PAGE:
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Alaska’s northern fur seal population for three decades has been classified as depleted, but the marine mammals are showing up in growing numbers at an unlikely location — a tiny island that forms the tip of an active undersea volcano.
Vents on Bogoslof Island continue to spew mud, steam and sulfurous gases two years after an eruption sent ash clouds into the path of jetliners passing over the Bering Sea. Still, northern fur seal moms find the remote island’s rocky beaches perfect for giving birth and mothering pups.
“The population growth of northern fur seals on Bogoslof has been extraordinary,” said Tom Gelatt, who leads a NOAA Fisheries group that studies northern fur seals. Federal scientists visited the island in August.
Geographically speaking, the island is not a particularly unusual place for the seals known for their thick coats to hang out. Most of the world’s roughly 1.1 million northern fur seals breed in the eastern Bering Sea. The animals live in the ocean from November to June and head for land in summer to breed and nurse pups.
But why the seals chose volatile Bogoslof over the dozens of other uninhabited Aleutian Islands is unclear.
“The surface is covered with these big, ballistic blocks, some as big as 10 meters [33 feet] in length that were exploded out of the vent,” said Chris Waythomas, a U.S. Geological Survey research geophysicist at the Alaska Volcano Observatory. “They litter the surface. It’s pretty wild.”
The eastern Bering Sea population of northern fur seals numbers about 635,000, with their main breeding ground on St. Paul Island, 240 miles (390 kilometers) northwest of Bogoslof. A California stock in the San Miguel, Channel and Farallon Islands is estimated at about 14,000 animals. Other northern fur seals live in Russian waters, though it’s unclear how many.
Fur seals were first spotted on Bogoslof in 1980, and NOAA researchers have since conducted periodic checks on the population. In 2015, biologists estimated an annual growth rate of just over 10% to approximately 28,000 pups on the island. The 2019 estimate likely will be more than 36,000 pups, Gelatt said. Food in the deep water near the island could be a factor.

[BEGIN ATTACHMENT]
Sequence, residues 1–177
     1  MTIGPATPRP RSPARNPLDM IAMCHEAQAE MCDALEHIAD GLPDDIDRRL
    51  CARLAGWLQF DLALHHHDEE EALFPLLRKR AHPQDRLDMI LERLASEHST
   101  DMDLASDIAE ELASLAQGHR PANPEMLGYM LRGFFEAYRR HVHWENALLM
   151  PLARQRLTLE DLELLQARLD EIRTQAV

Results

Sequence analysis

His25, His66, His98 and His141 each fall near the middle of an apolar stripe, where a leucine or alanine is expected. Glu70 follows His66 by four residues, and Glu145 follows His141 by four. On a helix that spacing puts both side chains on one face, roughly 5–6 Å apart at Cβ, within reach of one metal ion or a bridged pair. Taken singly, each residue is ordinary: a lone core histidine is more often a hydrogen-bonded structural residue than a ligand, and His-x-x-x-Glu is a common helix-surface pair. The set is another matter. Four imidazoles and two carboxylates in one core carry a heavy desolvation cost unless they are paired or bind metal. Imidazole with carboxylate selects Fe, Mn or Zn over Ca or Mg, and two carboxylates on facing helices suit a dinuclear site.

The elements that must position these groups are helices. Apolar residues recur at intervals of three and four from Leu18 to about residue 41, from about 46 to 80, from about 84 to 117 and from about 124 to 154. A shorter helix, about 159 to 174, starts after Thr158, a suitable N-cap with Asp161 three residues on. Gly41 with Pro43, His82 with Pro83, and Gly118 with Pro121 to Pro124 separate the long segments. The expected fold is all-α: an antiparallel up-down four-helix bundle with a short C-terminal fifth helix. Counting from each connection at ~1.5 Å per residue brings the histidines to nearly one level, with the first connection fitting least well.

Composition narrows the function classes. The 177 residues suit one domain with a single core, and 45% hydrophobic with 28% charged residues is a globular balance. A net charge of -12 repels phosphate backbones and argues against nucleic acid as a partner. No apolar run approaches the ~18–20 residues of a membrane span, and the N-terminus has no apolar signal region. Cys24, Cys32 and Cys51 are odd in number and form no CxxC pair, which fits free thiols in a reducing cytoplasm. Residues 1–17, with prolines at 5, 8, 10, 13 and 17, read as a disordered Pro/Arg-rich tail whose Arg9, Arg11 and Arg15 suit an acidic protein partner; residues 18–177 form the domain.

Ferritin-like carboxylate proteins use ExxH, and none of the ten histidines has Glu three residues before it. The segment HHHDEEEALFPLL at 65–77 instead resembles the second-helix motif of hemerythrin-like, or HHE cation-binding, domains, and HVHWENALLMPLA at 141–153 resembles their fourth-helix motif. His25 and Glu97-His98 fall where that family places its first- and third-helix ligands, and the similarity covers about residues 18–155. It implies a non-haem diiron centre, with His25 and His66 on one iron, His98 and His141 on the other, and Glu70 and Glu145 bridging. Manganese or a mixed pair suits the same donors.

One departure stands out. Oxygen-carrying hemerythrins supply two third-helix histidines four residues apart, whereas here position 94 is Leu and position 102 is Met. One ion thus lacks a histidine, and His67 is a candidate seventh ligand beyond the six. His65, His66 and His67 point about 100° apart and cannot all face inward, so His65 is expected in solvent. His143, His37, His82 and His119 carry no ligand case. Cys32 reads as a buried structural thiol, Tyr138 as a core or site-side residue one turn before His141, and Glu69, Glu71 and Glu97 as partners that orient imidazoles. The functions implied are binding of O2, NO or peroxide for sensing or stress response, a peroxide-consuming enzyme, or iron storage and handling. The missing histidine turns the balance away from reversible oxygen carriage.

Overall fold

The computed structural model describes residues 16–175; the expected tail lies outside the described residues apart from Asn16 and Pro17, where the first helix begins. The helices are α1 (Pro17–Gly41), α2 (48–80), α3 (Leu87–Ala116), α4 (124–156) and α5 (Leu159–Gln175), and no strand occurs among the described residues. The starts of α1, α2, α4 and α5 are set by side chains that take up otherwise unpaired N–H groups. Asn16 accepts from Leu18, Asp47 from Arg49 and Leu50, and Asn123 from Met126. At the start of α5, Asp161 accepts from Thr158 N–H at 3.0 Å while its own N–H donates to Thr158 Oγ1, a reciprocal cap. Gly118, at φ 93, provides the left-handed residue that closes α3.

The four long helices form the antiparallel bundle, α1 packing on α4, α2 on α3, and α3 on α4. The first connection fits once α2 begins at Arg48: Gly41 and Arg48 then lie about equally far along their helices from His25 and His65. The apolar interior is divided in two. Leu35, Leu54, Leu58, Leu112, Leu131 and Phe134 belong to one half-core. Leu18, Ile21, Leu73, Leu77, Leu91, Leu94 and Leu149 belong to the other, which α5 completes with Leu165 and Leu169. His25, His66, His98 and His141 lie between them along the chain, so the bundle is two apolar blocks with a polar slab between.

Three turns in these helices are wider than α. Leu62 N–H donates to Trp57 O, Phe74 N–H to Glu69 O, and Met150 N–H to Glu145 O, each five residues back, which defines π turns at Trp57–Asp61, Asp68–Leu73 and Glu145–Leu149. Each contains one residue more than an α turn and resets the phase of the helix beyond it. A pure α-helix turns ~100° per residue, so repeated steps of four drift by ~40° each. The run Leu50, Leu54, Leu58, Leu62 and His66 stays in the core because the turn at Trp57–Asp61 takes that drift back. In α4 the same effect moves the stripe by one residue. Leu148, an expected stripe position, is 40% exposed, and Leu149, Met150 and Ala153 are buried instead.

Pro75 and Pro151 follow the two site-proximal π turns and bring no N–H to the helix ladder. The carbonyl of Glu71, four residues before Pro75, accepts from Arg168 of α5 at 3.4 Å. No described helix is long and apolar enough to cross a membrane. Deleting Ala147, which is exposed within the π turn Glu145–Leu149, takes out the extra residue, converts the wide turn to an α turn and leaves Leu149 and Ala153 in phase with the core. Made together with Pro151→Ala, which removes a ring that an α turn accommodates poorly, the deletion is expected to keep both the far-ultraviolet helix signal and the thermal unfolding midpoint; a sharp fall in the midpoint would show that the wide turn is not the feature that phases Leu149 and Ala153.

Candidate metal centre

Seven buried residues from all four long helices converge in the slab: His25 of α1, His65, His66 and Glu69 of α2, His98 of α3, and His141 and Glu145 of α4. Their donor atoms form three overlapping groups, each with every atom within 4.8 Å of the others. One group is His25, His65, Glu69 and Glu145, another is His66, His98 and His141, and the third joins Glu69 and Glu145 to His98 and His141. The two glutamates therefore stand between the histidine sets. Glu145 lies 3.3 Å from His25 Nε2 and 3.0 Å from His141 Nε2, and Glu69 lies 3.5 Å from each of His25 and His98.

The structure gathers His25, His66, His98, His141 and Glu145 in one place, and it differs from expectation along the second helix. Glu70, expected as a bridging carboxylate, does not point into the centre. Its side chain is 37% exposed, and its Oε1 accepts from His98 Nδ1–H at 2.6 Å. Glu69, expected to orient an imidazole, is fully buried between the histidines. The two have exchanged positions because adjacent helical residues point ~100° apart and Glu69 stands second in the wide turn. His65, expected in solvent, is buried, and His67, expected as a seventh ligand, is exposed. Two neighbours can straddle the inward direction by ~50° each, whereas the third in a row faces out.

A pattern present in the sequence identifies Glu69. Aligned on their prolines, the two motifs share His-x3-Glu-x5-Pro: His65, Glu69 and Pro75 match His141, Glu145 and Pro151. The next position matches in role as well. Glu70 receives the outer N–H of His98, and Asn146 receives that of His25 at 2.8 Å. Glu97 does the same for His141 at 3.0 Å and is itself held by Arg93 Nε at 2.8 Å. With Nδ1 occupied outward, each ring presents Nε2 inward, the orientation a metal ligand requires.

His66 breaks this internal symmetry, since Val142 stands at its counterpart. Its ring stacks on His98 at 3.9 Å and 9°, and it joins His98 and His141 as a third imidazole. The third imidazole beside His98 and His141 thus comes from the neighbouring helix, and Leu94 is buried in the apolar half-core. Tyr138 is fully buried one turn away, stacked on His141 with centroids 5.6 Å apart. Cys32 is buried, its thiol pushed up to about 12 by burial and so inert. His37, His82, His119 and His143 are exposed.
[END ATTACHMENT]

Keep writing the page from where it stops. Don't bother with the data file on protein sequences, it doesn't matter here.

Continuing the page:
The animals stay on beaches, but on Bogoslof — which is about a third the size of New York City’s Central Park — they are never far from signs of volcanic activity.
The center of the island supports a field of fumaroles, openings through which hot gases emerge. Some roar “like jet engines” and spurt mud geysers several meters high, Waythomas said. He has visited the last two summers.
“It was amazing, the sounds that were being produced,” he said.
Eruptions in 2016 and 2017 showered the landscape with rocks and killed all vegetation. They also shrank and grew the island. Explosions destroyed acres of Bogoslof only to have fragmented material blown from lava vents create new real estate. The island remains about 0.5 square miles (1.2 square kilometers).
Bogoslof is surrounded by deep water, and its seals eat squid and northern smoothtongue, a deep-water fish that looks like a smelt. Seals on St. Paul, the largest of the Pribilof Islands, forage on the shallow continental shelf for walleye pollock, a fish targeted by commercial fishermen.
Females with pups on Bogoslof return from foraging faster than Pribilof mothers, possibly allowing their pups to receive more meals and wean at a larger size, Gelatt said. Bogoslof also is closer to winter feeding grounds south of the Aleutians, possibly allowing pups to reach the grounds with less risk from Bering Sea storms.